Prior beliefs aren’t valuable so that we can lambaste kids for having them. Imagine starting a unit with a formative assessment that reveals that kids have all these wrong beliefs about exponents. Next class, everyone sits down and then I say, “Well so many interesting beliefs about exponents. But they’re all wrong! Here, let me show you.” I know that some teachers do this, but it’s a silly activity. You aren’t really helping kids develop those ideas and see their limitations, you’re telling them not to think, that their opinions aren’t worthwhile. You’re not giving them a chance to be smart. And yet this is conventional wisdom about how to deal with students’ beliefs about the nature of math and geometry.
What should we do once we know what students beliefs about exponents are? We should creative opportunities for kids to understand the limitations of their beliefs, give them time to formulate new theories, make explicit the truth about exponents once they have the experiences that can help them make sense of that. And shouldn’t we do that with students’ beliefs about math also?
I have a favorite style of activity. It’s an activity that kids can do with their current knowledge, but can also be done with more sophisticated knowledge, and it can be done better with the more sophisticated knowledge. In this case, that would mean that I’m looking for math that is both recognizably geometric but also makes sense as math in the limited theories that my students are likely to come into the year with.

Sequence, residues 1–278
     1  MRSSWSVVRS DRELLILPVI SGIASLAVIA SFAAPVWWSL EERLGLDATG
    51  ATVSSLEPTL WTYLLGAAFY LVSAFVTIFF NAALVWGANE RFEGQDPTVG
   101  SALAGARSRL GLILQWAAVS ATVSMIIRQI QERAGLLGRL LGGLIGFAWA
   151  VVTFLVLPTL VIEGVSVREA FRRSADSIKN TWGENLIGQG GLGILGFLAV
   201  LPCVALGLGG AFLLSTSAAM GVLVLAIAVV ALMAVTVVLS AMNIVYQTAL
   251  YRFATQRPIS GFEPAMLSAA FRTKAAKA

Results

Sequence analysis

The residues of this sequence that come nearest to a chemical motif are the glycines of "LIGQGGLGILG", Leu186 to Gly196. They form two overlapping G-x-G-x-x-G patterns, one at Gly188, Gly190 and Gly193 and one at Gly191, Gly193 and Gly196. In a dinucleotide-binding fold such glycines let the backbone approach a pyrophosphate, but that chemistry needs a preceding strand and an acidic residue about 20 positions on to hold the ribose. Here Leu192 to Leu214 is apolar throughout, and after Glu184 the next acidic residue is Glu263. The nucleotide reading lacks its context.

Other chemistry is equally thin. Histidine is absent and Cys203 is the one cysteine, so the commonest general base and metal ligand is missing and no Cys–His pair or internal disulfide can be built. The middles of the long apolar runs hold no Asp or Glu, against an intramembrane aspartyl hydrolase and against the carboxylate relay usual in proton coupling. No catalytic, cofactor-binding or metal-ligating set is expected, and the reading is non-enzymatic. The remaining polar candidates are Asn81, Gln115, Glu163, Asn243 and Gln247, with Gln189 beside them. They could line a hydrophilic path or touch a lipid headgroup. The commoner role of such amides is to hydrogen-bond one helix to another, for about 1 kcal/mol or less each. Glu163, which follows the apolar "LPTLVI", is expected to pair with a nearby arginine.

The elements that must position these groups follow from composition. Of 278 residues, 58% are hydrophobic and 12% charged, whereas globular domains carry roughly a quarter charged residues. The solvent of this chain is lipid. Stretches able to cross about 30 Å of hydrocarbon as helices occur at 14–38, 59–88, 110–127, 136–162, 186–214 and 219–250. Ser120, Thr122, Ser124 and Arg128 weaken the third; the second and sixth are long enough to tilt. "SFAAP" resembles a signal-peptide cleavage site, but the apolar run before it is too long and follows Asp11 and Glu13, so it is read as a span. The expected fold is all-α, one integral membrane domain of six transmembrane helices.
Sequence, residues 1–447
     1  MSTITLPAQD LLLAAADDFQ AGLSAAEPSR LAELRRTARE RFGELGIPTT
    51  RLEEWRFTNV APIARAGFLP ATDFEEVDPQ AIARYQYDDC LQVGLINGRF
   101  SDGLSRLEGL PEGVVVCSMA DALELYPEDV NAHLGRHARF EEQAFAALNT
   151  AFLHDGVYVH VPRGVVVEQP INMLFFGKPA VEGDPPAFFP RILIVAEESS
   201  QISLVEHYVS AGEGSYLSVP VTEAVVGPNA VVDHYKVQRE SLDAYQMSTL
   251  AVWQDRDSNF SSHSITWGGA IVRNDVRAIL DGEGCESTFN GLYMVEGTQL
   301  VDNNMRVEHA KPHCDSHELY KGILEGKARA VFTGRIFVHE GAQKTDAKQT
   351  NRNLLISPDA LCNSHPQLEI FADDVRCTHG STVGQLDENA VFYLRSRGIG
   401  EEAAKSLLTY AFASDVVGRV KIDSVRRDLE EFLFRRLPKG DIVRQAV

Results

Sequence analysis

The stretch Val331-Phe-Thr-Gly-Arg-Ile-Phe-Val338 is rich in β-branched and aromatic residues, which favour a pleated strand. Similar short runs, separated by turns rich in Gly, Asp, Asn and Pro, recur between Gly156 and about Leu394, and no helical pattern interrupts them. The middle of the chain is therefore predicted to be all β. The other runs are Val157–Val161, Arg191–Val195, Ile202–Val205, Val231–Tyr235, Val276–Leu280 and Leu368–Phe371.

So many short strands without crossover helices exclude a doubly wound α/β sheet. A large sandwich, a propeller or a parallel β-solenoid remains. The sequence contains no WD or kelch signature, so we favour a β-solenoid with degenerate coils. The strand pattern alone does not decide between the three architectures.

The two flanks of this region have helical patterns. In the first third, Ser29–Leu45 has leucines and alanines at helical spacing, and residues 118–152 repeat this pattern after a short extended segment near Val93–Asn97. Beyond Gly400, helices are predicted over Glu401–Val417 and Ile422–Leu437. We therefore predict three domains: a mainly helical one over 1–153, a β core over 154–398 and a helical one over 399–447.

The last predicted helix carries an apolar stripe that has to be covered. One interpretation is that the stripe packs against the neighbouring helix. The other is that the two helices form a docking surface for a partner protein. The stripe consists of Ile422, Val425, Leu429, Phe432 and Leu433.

What would that mean? My favorite geometry textbook spends its first major of unit focused on constructions. But the above puts some constraints on what sorts of constructions it would be a good idea to start with:
- Constructions that include numbers
- Constructions that can help students solve a new type of problem
- Constructions that are either right or wrong
- Constructions that involve symbolic language
Do such constructions exist? There are certainly constructions that include numbers — my favorite textbook includes a bunch of them, things like “make a triangle whose sides are exactly 3 in, 5 in and 7 in long.” And there are certainly types of construction problems that are awfully similar: “construct a triangle with these sides”; “draw the angle bisector of this angle”; etc. And these are either right or wrong, in a sense. I could also introduce precise, symbolic and pictorial language to describe these constructions. This would feel like math.
But that’s not going to be enough. I also want to nudge my students beyond these conceptions. Math involves explanations and proofs. It often is done in informal, everyday language. It’s often more than just right or wrong. How do we get at this?
I think my plan is to build this on top of the other constructions. We’ll ask questions about the numerical constructions — why does this work? why doesn’t this work? why can these sides make a triangle? why can’t these? — and in dong so we’ll make conjectures, create informal proofs of theorems. It will be important for me to make explicit that we will spend much of the year focusing on these sorts of arguments.
Experience before formality. That’s a great principle, and one that we should use not just for mathematical content but also to help students develop their perceptions of what it means to be mathematical.